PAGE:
FDA Approves New Nasal Spray Drug That Can Help Fight Depression
Last Tuesday the Food and Drug Administration approved a new drug for treatment of depression that some see as a step forward in treating the condition.
Spravato, produced by Janssen Pharmaceutical Companies of Johnson & Johnson, comes in the form of a nasal spray that has been approved to be used by patients who have been unsuccessful in treating their depression through other antidepressants. According to Johnson & Johnson’s press release, “The medicine is administered as a nasal spray that is absorbed by the lining of the nasal passages and into the bloodstream.”
The drug has been shown to yield fast positive results, some patients feeling effects within hours as opposed to the much longer time frame of other common antidepressants, such as Prozac or Zoloft. This has been attributed to how the drug takes a different approach to the brain than traditional medications. Common antidepressants target the brain through Serotonin by blocking the brain’s reabsorption of it, increasing the brain’s serotonin levels which can ease a patient’s depressive symptoms. However, this new drug targets what’s called Glutamate, a different neurotransmitter, that this drug has shown can be targeted to create fast acting improvements in depressive symptoms.
Spravato’s source has caused some controversy. The drug is also known as Esketamine, according to the FDA, a chemical relative to the anesthetic drug Ketamine, which is abused as a party drug for its effects on the brain. To ease worry about the use of Ketamine-based treatment, Courtney Billington, president of Janssen Neuroscience, said, “The amount of active ingredient that’s in this product, it’s at a very, very low dose.” Even though it is a low dose, there are still restrictions on the administration of this drug.”
According to Dr. Tiffany Farchione, acting director of the Division of Psychiatry Products in the FDA’s Center for Drug Evaluation and Research, “Because of safety concerns, the drug will only be available through a restricted distribution system and it must be administered in a certified medical office where the health care provider can monitor the patient.” The patient is not allowed to take the drug home with them as it is also a safety risk, as they do not want a ketamine-based drug available to the general public.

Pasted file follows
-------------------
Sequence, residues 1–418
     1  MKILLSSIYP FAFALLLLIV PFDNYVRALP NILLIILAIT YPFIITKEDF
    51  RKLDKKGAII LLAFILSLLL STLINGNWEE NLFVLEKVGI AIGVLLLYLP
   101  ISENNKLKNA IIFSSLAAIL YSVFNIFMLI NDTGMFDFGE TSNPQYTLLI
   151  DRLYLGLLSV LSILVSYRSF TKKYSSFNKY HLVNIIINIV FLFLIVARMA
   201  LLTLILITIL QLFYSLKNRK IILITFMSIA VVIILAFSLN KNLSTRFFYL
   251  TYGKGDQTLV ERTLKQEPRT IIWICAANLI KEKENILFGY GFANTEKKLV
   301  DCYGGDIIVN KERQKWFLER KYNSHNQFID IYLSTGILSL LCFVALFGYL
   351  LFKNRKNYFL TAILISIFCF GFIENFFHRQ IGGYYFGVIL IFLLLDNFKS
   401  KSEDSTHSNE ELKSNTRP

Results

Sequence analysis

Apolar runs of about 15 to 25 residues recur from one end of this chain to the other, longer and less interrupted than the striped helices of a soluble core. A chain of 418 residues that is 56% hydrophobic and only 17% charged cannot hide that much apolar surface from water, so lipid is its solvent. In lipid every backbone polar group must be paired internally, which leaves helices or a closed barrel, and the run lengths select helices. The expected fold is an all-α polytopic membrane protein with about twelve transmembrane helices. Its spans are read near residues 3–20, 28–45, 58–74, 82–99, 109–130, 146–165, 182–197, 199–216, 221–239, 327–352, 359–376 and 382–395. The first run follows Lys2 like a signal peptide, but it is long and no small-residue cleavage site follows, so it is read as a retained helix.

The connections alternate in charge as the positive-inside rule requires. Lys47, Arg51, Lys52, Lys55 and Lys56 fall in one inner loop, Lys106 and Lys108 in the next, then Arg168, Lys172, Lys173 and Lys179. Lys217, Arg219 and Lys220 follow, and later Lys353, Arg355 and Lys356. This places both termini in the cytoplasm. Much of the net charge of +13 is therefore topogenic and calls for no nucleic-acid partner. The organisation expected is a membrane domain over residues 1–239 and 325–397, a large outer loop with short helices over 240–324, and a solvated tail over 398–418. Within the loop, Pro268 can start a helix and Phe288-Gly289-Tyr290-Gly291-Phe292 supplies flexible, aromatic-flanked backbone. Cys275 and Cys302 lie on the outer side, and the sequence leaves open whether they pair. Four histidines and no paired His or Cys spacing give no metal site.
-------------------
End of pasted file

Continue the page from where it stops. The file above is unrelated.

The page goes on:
Associated side effects also contribute to these restrictions on the drug. Though various patients have reported positive effects, clinical trials of the drug yielded mixed results and there are many side effects that can come from its use. The FDA reported that the most common side effects from their clinical trials that could possibly affect patients were, “disassociation, dizziness, nausea, sedation, vertigo, decreased feeling or sensitivity (hypoesthesia), anxiety, lethargy, increased blood pressure, vomiting and feeling drunk.”
We will have to wait and see if those risks decrease as more patients are monitored trying Spravato.
The cost of this drug is still hard to pin down in these early days but a figure given to Jon Hamilton of NPR by Johnson & Johnson is that “the wholesale cost of each treatment with esketamine will range from $590 to $885, depending on the dose.” The FDA gave these same numbers to Cammy Harbison of Newsweek, adding that it “would likely be covered by insurance.” Being that this was only just approved, final pricing will most likely be determined at a later date.
Dr. Matthai Mammen, Global Head of R&D at the Janssen Pharmaceutical Companies of Johnson & Johnson, said that this new drug “has the potential to change the treatment paradigm and offer new hope to the estimated one-third of people with major depressive disorder who have not responded to existing therapies.” Dr. Mammen continues by saying that this new treatment is “a testament to Janssen’s heritage of advancing solutions in neuroscience to heal minds and improve health outcomes.”
For those interested in updates on this drug, you can follow them at www.spravato.com.